of style and general talent which they display. Now, if that be the case, how must I have been surprised, who was reading a newspaper for the first time, and that one of the best of the London journals! Yes, strange as it may seem, it was nevertheless true that, up to the moment of which I am speaking, I had never read a newspaper of any description. I of course had frequently seen journals, and even handled them; but, as for reading them, what were they to me? I cared not for news. But here I was now with my claret before me, perusing, perhaps, the best of all the London journals; it was not the -, and I was astonished: an entirely new field of literature appeared to be opened to my view. It was a discovery, but I confess rather an unpleasant one; for I said to myself, If literary talent is so very common in London, that the journals, things which, as their very name denotes, are ephemeral, are written in a style like the article I have been perusing, how can I hope to distinguish myself in this big town, when, for the life of me, I don’t think I could write anything half so clever as what I have been reading? And then I laid down the paper, and fell into deep musing; rousing myself from which, I took a glass of wine, and, pouring out another, began musing again. What I have been reading, thought I, is certainly very clever and very talented; but talent and cleverness I think I have heard some one say are very commonplace things, only fitted for everyday occasions. I question whether the man who wrote the book I saw this day on the bridge was a clever man; but, after all, was he not something much better? I don’t think he could have written this article, but then he wrote the book which I saw on the bridge. Then, if he could not have written the article on which I now hold my forefinger - and I do not believe he could - why should I feel discouraged at the consciousness that I, too, could not write it? I certainly could no more have written the article than he could; but then, like him, though I would not compare myself to the man who wrote the book I saw upon the bridge, I think I could - and here I emptied the glass of claret - write something better.

Thereupon I resumed the newspaper; and, as I was before struck with the fluency of style and the general talent which it displayed, I was now equally so with its commonplaceness and want of originality on every subject; and it was evident to me that, whatever advantage these newspaper-writers might have over me in some points, they had never studied the Welsh bards, translated Kaempe Viser, or been under the pupilage of Mr. Petulengro and Tawno Chikno.

And as I sat conning the newspaper three individuals entered the room, and seated themselves in the box at the farther end of which I was. They were all three very well dressed; two of them elderly gentlemen, the third a young man about my own age, or perhaps a year or two older: they called for coffee; and, after two or three observations, the two eldest commenced a conversation in French, which, however, though they spoke it fluently enough, I perceived at once was not their native language; the young man, however, took no part in their conversation, and when they addressed a portion to him, which indeed was but rarely, merely replied by a monosyllable. I have never been a listener, and I paid but little heed to their discourse, nor indeed to themselves; as I occasionally looked up, however, I could perceive that the features of the young man, who chanced to be seated exactly opposite to me, wore an air of constraint and vexation. This circumstance caused me to observe him more particularly than I otherwise should have done: his features were handsome and prepossessing; he had dark brown hair and a high-arched forehead. After the lapse of half an hour, the two elder individuals, having finished their coffee, called for the waiter, and then rose as if to depart, the young man, however, still remaining seated in the box. The others, having reached the door, turned round, and, finding that the youth did not follow them, one of them called to him with a tone of some authority; whereupon the young man rose, and, pronouncing half audibly the word ‘botheration,’ rose and followed them. I now observed that he was remarkably tall. All three left the house. In about ten minutes, finding nothing more worth reading in the newspaper, I laid it down, and though the claret was not yet exhausted, I was thinking of betaking myself to my lodgings, and was about to call the waiter, when I heard a step in the passage, and in another moment the tall young man entered the room, advanced to the same box, and, sitting down nearly opposite to me, again pronounced to himself, but more audibly than before, the same word.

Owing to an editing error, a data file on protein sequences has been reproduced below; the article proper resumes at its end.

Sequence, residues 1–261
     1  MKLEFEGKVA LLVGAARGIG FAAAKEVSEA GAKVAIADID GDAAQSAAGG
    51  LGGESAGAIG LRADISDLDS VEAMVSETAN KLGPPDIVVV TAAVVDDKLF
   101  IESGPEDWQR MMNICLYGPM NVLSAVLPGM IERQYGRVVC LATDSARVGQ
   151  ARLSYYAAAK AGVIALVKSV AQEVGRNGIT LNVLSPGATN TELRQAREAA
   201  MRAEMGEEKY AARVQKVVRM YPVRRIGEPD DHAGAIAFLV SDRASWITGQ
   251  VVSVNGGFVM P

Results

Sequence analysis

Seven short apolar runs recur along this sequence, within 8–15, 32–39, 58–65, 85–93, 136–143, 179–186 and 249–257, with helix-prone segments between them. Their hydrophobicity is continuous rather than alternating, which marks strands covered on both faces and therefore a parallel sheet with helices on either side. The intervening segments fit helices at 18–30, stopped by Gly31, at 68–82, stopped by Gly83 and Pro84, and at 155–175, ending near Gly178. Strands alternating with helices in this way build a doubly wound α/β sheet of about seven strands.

‘A troublesome world this, sir,’ said I, looking at him.

  By PanEris using Melati.

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